On more than one occasion, I have written about how our entitlement programs are going down an unsustainable path. As early as last week I wrote how President Trump’s first budget proposal would not call for any cuts to Medicare and Social Security.
And while this might sound nice, simply put this is impossible to sustain.
As I wrote then…
“If ANYONE has been paying attention, they understand that both Social Security and Medicare are living on borrowed time. Depending upon the estimate you find, both programs are in the hole from $50,000,000,000,000 – $100,000,000,000,000 dollars. By the way, that’s 50 TRILLION to 100 TRILLION dollars in unfunded liabilities. It is fundamentally impossible to shore up these programs with additional taxes alone. The quicker we come to that realization that better.”
Now comes an article from The Hill, Budget chief: Trump could review entitlement reform after first budget.
On the surface, it sounds like Trump being a typical politician, going back on a campaign promise. After all, Trump repeatedly said on the campaign trail that he wasn’t cutting Social Security. Take a look at the video below. 60 seconds in is where the statement is made…
“Office of Management and Budget Director Mick Mulvaney said Monday that President Trump could soon review potential reforms to Social Security and Medicare — but he stressed that the reforms under consideration wouldn’t touch payments for current beneficiaries.”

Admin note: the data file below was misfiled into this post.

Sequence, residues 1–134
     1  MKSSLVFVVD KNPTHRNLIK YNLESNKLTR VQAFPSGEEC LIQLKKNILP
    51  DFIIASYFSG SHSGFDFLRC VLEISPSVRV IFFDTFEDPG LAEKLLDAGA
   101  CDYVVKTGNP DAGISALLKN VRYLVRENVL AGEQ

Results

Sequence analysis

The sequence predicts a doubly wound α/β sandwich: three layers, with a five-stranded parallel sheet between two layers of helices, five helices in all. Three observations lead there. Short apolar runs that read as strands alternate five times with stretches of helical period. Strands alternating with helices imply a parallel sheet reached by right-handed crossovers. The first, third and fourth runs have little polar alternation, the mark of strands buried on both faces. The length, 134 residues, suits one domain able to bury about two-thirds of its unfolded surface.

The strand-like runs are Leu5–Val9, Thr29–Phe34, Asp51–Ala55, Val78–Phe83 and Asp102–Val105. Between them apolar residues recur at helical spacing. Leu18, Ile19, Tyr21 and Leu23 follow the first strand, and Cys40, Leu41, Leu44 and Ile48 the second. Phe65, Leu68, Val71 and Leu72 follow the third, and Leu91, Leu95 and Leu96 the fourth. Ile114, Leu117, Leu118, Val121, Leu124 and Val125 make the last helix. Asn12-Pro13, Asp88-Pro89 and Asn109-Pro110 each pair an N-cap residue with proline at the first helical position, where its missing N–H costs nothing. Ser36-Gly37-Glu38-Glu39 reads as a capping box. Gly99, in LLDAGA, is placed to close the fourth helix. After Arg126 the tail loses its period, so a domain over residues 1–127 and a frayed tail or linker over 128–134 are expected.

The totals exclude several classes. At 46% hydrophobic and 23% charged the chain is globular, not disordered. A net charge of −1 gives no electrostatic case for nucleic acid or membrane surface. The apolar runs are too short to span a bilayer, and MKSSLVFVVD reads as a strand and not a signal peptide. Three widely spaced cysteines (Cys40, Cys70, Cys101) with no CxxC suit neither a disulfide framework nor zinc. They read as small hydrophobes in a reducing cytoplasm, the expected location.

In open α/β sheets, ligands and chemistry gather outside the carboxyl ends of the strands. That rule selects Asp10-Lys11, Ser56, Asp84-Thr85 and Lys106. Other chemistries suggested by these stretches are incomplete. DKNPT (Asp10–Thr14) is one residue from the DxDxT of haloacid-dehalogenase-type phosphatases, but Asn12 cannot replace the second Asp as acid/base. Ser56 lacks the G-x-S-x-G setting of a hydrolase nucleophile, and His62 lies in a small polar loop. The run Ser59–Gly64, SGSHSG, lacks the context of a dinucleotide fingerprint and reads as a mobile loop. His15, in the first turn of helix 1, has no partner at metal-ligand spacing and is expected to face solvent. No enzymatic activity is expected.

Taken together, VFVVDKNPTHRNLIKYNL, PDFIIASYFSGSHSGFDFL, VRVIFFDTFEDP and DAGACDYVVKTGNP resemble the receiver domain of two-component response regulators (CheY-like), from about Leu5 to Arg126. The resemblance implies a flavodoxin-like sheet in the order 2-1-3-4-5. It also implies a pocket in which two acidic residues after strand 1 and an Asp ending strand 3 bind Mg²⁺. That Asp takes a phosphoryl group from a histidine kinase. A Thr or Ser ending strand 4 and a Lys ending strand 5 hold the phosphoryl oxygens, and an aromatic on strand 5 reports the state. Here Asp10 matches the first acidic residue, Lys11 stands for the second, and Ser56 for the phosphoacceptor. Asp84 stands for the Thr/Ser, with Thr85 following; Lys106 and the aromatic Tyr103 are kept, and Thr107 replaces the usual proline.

In all sincerity, this is an inevitable result. There is no way that, as 10,000 baby boomers retire EVERY DAY over the next 20 years we will be able to pay the Medicare and Social Security obligations that this nation has promised.
This is just a fact,
The quicker we deal with this the better.
I do like what he said about not cutting benefits to current beneficiaries…
“Mulvaney, a fiscal hawk, said he’s trying to garner support for entitlement reform that follows Trump’s campaign promise not to touch Social Security and Medicare payments for current recipients.”
That should be the cornerstone of any reform bill, but the real issue is with the massive amount of those who will be entering the Social Security and Medicare system in the late 2020’s and beyond,
I am going to keep tabs on this but unfortunately this is a case of pure math. There are too many promises made by government, not enough money to pay for this and no way that taxes can be raised to the point to pay for it all.
My advice to those who are expecting any form of Social Security and Medicare (and any pension by the way) in the future is to listen to what the government promises you and divide by 2. That’s what you will probably end up with.